Aristotle: Lesson 1
Who deserves what? Aristotle
Callie Smartt, a wheelchaired bound girl with cerebral palsy, was kicked off the cheerleader squad. Sandel raises 2 questions: question of fairness, and the question of resentment.
The other question is about fairness. Is it fair to require Callie to do splits and tumbles if she has cerebral palsy?
“She(Callie) had shown that there’s more than one way to be a cheerleader” (185).
“What counts as the purpose of cheerleading depends partly on what virtues you think deserve recognition and reward” (186).
“What counts as the purpose of cheerleading depends partly on what virtues you think deserve recognition and reward
“These parents(parents who wanted Callie off the team) wanted cheerleading to honor the traditional cheerleader virtues their daughters possessed” (186).
Justice, Telos, and Honor
For Aristotle, justice is teleological and honorific.
“For Aristotle, justice means giving people what they deserve, giving each person his or her due. But what is a person due? What are the relevant grounds of merit or desert? That depends on what’s being distributed. Justice involves two factors: ‘things, and the persons to whom things are assigned.’ And in general we say that ‘persons who are equal should have assigned to them equal things.’
“Many orchestras conduct auditions behind a screen, so that the quality of music can be judged without bias or distraction” (188).
“Aristotle claims that in order to determine the just distribution of a good, we have to inquire into the telos, or purpose, of the good being distributed” (188).
Teleological thinking in the ancient world
“With the advent of modern science, nature ceased to be seen as a meaningful order. Instead, it came to be understood mechanistically, governed by the laws of physics. To explain natural phenomena in terms of purposes, meanings, and ends was now considered naïve and anthropomorphic” (189).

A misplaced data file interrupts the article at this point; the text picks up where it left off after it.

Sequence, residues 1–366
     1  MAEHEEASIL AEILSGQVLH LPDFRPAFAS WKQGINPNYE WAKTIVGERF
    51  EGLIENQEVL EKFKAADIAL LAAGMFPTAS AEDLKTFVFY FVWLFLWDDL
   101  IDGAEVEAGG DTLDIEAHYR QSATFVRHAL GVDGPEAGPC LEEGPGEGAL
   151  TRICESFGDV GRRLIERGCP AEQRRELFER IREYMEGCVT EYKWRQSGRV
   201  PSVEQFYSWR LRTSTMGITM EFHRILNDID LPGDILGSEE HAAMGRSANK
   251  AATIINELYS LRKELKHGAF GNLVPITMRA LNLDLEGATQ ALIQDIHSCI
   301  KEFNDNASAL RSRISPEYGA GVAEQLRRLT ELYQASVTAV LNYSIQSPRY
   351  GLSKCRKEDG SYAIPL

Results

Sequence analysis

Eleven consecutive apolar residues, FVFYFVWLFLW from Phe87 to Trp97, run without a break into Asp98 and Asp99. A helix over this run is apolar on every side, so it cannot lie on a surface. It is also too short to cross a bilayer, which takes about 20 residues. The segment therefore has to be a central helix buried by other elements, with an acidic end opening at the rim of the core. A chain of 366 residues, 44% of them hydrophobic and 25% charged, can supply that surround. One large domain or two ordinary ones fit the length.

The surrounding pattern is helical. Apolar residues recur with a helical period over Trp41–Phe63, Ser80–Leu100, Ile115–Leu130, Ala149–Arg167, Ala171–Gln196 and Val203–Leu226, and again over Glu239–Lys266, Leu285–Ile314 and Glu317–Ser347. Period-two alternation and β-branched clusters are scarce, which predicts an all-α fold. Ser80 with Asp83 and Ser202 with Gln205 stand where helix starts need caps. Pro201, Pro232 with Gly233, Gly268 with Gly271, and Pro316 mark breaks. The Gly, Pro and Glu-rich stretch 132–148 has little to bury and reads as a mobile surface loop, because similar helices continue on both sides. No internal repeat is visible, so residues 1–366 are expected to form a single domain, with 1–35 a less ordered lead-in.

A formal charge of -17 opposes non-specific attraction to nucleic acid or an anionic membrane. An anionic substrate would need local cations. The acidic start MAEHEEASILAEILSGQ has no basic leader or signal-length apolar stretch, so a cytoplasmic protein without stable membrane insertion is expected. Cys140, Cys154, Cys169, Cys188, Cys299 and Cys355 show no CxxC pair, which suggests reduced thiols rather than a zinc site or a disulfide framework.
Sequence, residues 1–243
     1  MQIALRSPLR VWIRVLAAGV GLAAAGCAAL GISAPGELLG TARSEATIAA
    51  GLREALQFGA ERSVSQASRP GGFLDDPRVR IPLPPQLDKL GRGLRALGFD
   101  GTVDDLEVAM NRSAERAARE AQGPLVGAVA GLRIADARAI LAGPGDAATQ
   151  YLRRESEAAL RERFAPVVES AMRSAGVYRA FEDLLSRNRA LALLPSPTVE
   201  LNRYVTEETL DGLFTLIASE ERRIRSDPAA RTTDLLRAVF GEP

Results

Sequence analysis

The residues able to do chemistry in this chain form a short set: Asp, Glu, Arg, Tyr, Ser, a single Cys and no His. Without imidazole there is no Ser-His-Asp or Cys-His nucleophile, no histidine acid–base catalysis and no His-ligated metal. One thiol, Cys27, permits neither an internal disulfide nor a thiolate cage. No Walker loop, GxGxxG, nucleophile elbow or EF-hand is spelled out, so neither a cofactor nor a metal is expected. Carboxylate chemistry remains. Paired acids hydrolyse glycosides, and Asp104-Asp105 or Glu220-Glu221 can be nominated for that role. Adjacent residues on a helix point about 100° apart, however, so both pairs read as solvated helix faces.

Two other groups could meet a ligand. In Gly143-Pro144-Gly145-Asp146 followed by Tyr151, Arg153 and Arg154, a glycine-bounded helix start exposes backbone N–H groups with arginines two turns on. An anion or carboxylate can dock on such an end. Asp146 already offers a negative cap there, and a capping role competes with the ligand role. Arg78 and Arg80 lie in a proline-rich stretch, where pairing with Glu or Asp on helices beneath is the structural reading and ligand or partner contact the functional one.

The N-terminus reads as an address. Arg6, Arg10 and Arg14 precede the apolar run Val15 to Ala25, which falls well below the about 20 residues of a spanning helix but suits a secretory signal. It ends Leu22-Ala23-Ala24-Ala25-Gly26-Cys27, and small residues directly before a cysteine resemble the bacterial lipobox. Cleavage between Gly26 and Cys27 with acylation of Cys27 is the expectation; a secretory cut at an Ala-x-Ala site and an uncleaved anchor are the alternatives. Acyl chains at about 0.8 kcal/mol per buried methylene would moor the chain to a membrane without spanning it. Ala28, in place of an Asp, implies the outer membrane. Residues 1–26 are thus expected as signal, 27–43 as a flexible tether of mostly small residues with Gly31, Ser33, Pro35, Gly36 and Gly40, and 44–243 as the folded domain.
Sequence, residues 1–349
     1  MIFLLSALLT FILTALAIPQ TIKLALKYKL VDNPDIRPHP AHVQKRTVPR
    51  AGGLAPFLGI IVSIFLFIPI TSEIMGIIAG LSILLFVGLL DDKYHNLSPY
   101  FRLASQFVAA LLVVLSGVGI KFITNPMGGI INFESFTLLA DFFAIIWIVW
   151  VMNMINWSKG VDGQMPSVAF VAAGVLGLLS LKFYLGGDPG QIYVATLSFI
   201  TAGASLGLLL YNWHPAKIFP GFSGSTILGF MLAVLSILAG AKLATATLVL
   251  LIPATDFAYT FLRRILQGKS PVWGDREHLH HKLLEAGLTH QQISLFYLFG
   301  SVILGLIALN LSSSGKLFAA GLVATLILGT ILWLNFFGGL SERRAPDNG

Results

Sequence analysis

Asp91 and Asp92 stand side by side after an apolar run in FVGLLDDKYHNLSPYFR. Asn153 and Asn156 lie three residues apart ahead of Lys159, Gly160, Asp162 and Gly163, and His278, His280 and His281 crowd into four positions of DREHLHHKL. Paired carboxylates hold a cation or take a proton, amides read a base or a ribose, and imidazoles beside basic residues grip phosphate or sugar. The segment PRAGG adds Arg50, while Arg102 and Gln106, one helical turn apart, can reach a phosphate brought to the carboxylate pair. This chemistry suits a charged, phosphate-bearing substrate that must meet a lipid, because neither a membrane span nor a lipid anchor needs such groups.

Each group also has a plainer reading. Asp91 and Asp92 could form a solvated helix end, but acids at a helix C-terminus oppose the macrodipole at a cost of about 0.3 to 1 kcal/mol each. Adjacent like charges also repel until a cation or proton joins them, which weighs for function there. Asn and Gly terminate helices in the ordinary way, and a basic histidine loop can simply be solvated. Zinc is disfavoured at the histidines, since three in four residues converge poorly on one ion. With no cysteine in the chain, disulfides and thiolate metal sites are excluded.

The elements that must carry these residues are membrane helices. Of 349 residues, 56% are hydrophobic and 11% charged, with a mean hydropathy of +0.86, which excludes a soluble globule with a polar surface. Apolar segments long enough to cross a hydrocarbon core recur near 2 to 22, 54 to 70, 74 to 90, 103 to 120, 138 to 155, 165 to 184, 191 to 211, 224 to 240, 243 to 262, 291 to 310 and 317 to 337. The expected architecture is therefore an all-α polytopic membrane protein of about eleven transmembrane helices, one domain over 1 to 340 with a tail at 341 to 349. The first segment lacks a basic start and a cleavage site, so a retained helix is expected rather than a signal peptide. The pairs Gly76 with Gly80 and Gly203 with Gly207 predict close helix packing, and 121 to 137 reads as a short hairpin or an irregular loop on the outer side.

What’s the Telos of a University?
Who has the right to be admitted?
“Closely connected to the debate about a university’s purpose is a question about honor: What virtues or excellences do universities properly honor and reward” (191).
What’s the purpose of politics?
Aristotle thinks that all theories of distributive justice discriminates; he wants to figure out what discriminations are just; and to do this, finding the telos of politics is necessary.
“For Aristotle, the purpose of politics is not to set up a framework of rights that is neutral among ends. It is to form good citizens and to cultivate good character” (193).
“Aristotle criticizes what he takes to be the two major claimants to political authority – oligarchs and democrats. Each has a claim, he says, but only a partial claim. The oligarchs maintain that they, the wealthy, should rule. The democrats maintain that free birth should be the sole criterion of citizenship and political authority. But both groups exaggerate their claims, because both misconstrue the purpose of political community” (193).
“If the political community exists to promote the good life, what are the implications for the distribution of offices and honors” (194)?
The leaders of the polis should be those who are best at “deliberating about the common good.”
Honoring and rewarding civic virtue is one of the ends of the polis, yet it’s also an educative role, a means, to the good life. This is how “teleological and honorific aspects of the justice go together” (195).